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Adapting an adherence support workers intervention: engaging traditional healers as adherence partners for persons enrolled in HIV care and treatment in rural Mozambique.

Adapting an adherence support workers intervention: engaging traditional healers as adherence partners for persons enrolled in HIV care and treatment in rural Mozambique.
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Audet CM, Salato J, Vermund SH, Amico KR,


Audet CM, Salato J, Vermund SH, Amico KR, (click to view)

Audet CM, Salato J, Vermund SH, Amico KR,

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Implementation science : IS 2017 04 1312(1) 50 doi 10.1186/s13012-017-0582-z

Abstract
BACKGROUND
Systematic adaptation of evidence-informed interventions that increase retention in care and improve adherence to antiretroviral therapy (ART) are essential to ending the HIV epidemic in rural sub-Saharan Africa. We selected and adapted an adherence support worker intervention employed in Malawi for use by traditional healers in rural Mozambique. Given the levels of trust and dependence previously expressed by persons living with HIV (PLHIV) for traditional medicine, we adapted the program to engage traditional healers within the allopathic health system.

METHODS
Adaption followed a theoretically driven approach to intervention adaption: the Assessment-Decision-Administration-Production-Topical Experts-Integration-Training-Testing (ADAPT-ITT) model. Three rounds of performance feedback, based on theater presentations of the adapted intervention for stakeholders and idea generation, were completed with 12 groups from March to July 2016 to develop the final model. We offered healer support to 180 newly diagnosed HIV-infected patients.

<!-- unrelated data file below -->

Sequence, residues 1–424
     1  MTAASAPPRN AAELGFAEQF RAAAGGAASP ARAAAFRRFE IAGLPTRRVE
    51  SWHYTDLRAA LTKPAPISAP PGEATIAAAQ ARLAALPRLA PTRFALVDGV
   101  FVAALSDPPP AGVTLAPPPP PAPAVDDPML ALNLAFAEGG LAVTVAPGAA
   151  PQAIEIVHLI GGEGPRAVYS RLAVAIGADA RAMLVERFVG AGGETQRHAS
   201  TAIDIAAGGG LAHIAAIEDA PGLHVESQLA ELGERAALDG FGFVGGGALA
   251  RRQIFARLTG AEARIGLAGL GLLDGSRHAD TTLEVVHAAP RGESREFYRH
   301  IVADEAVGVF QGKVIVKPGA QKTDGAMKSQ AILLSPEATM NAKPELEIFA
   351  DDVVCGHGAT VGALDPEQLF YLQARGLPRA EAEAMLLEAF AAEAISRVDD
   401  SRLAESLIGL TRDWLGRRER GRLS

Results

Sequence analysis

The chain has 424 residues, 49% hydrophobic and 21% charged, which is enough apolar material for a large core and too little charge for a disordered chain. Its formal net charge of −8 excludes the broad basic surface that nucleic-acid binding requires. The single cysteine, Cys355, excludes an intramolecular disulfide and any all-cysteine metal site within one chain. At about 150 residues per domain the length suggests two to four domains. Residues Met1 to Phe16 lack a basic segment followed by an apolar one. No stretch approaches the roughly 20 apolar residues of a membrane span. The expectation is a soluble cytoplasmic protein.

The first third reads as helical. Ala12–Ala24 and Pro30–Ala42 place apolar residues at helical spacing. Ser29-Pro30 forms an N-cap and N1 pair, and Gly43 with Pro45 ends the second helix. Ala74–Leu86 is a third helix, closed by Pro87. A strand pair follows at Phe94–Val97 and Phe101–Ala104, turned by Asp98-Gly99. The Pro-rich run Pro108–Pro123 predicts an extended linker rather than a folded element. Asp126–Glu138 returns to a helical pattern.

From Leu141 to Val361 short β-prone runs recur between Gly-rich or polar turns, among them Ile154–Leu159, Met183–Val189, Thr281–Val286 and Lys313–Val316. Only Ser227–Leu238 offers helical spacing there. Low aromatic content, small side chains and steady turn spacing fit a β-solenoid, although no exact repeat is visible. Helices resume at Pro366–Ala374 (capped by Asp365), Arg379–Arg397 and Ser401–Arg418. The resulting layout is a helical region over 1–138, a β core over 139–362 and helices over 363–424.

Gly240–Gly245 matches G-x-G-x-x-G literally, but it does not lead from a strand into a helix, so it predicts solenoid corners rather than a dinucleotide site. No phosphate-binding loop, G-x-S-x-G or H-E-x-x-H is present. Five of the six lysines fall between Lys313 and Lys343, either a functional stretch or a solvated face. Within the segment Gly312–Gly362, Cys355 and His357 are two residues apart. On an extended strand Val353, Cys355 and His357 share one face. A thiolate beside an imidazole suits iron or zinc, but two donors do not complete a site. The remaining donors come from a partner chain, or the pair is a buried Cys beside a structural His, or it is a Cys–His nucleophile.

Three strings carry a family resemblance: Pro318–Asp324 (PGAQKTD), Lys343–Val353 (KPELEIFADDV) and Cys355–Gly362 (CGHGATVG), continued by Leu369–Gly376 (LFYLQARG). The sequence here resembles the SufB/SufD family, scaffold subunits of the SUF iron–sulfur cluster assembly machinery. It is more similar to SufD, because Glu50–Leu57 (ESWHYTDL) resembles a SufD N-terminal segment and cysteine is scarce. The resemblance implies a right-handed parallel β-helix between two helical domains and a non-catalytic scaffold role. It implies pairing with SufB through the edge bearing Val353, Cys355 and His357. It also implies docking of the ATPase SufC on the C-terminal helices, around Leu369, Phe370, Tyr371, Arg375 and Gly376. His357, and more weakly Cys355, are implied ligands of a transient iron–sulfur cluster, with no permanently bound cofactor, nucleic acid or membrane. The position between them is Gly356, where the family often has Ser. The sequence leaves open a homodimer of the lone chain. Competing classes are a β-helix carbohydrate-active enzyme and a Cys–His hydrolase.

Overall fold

RESULTS
Traditional healers were an acceptable group of community health workers to assist with patient adherence and retention. Traditional healers, clinicians, and interested community members suggested novel strategies to tailor the adherence support worker intervention, revealing a local culture of HIV denialism, aversion to the health system, and dislike of healthcare providers, as well as a preference for traditional treatments. Proposed changes to the intervention included modifications to the training language and topics, expanded community-based activities to support acceptability of an HIV diagnosis and to facilitate partner disclosure, and accompaniment to the health facility by healers to encourage delivery of respectful clinical care. PLHIV, healers, and clinicians deemed the intervention socially acceptable during focus groups. We subsequently recruited 180 newly diagnosed HIV-infected patients into the program: 170 (94%) accepted.

CONCLUSIONS
Systematic translation of interventions, even between regions with similar social and economic environments, is an important first step to successful program implementation. Efforts previously limited to community health workers can be tailored for use by traditional healers-an underutilized and often maligned health workforce. It proved feasible to use theater-based performances to demonstrate delivery of the intervention in low-literacy populations, generating discussions about social norms, community concerns, and the merits of an acceptable strategy to improve retention and adherence to ART.

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